HC Deb 03 June 1974 vol 874 cc867-77

Mr. John Ellis (by Private Notice) asked the Secretary of State for Employment if he will make a statement on the explosion which occurred at Flixborough, near Scunthorpe, on Saturday 1st June, and if he will order a public inquiry to be held.

The Secretary of State for Employment (Mr. Michael Foot)

At about five o'clock on Saturday 1st June the factory of Nypro UK Limited, situated in the village of Flixborough in North Lincolnshire, was shattered by a violent explosion followed by a fire which raged all the following day and may not yet have been extinguished.

Twenty-nine people are either dead or are missing and must be presumed dead. There is severe damage to property near the scene, less serious damage over a wide area, and minor damage has even been reported from many miles away.

All Members of the House will join me in sending a message of deep sympathy to the relatives of the dead and missing. I should also like to add my sympathy to the injured and to those who have been made homeless. A tribute must also be paid to the emergency services in the area, including the voluntary services, whose efforts to cope with the fire and destruction and to help the injured and homeless deserve the highest praise.

The plant is owned jointly by the National Coal Board and the Dutch State Mining Company. It uses a number of highly flammable raw materials of which a major one is cyclohexane in the manufacture of caprolactam. This is a raw material used in the manufacture of Nylon 6. This is one of a small number of plants of this type throughout the world and the only one in this country. As there is already a shortage of this material, there will be economic problems to be added to the death and destruction which have resulted from the explosion.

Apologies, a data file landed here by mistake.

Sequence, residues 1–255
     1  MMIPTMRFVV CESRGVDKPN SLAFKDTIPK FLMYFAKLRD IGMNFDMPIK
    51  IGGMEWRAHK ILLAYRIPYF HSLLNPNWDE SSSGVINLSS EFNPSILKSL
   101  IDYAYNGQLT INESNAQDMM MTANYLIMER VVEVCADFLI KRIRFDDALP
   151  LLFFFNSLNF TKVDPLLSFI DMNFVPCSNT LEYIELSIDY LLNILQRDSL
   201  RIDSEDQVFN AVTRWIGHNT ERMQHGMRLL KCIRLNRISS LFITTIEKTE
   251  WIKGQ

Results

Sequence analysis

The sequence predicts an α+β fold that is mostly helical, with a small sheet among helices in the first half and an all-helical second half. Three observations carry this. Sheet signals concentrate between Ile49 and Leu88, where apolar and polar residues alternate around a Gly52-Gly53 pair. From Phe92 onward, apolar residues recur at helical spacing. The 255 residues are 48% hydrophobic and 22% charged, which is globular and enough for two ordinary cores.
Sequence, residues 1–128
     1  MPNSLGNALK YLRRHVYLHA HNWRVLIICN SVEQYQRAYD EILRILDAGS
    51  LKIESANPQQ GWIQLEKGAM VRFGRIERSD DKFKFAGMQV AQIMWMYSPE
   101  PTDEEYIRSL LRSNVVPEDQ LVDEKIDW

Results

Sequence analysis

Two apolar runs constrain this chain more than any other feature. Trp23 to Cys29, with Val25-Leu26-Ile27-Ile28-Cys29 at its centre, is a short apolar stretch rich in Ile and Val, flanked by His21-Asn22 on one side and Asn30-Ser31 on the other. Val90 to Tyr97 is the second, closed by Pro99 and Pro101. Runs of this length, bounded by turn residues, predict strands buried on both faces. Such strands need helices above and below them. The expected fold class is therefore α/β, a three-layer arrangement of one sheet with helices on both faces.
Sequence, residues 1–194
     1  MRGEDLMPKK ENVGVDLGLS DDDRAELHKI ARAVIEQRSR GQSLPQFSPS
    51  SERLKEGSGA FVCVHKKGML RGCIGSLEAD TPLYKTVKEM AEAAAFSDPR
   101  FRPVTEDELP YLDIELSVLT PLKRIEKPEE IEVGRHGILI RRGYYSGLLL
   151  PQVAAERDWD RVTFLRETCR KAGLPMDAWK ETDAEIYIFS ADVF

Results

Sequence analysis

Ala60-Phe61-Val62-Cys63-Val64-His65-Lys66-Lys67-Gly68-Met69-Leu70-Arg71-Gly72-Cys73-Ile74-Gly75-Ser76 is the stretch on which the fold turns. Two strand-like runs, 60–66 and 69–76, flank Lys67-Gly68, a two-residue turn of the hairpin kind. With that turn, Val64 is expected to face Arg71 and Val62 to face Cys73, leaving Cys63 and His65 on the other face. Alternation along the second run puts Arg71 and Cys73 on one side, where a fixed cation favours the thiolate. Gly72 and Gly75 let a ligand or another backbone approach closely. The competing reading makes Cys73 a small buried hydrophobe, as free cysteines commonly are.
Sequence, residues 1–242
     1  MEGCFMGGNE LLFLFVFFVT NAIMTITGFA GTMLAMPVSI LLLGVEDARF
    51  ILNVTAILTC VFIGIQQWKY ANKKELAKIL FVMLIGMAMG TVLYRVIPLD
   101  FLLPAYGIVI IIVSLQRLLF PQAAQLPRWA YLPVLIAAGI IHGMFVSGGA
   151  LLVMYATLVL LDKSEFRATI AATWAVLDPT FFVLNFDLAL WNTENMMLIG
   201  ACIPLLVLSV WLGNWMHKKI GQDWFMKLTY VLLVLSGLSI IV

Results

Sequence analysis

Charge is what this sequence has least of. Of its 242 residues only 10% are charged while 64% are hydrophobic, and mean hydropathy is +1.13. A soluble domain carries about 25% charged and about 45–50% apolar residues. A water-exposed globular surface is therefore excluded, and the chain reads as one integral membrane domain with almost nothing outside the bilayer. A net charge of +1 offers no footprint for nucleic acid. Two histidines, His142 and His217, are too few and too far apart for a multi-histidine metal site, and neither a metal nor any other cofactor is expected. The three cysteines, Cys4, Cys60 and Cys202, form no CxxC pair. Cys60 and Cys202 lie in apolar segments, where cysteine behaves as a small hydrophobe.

Within two hours of the incident, locally-based members of the Factory Inspectorate were on site and they were joined late on Saturday evening by a deputy chief inspector from London. On Sunday the Under-Secretary and the Chief Inspector visited the site. They were later joined by three experts from our London headquarters and an electrical inspector. The Chief Inspector has now formed an investigation team to gather the facts as soon as possible while memories are fresh. The team will be under the control of the superintending inspector for the area and he will be able to call on any help that he may need. By courtesy of the police, with whom they are closely co-operating, they have formed a temporary headquarters in the police building in Scunthorpe. For the moment access to the plant is still limited by the fire, but witnesses are already being interviewed

. This investigation is proceeding with all speed, but I must decide in what framework it should now be set. Her Majesty's Factory Inspectorate has been worried for some time about the escalation of risk associated with certain new technologies. It is no secret that the Chief Inspector is on record in his annual reports as expressing his own concern, and that concern is now bound to be widely shared.

The Health and Safety at Work etc. Bill which is now going through the House will greatly assist in relation to this kind of development, since it will provide for the licensing of some of these plants. Arrangements for close co-operation between planning authorities and the new licensing controls will be within the scope of the Health and Safety Commission when it is set up. To that extent I believe that the new legislation will be a major contribution to control in the future, but it is not the case that all efforts to deal with this problem have been allowed to wait upon legislation.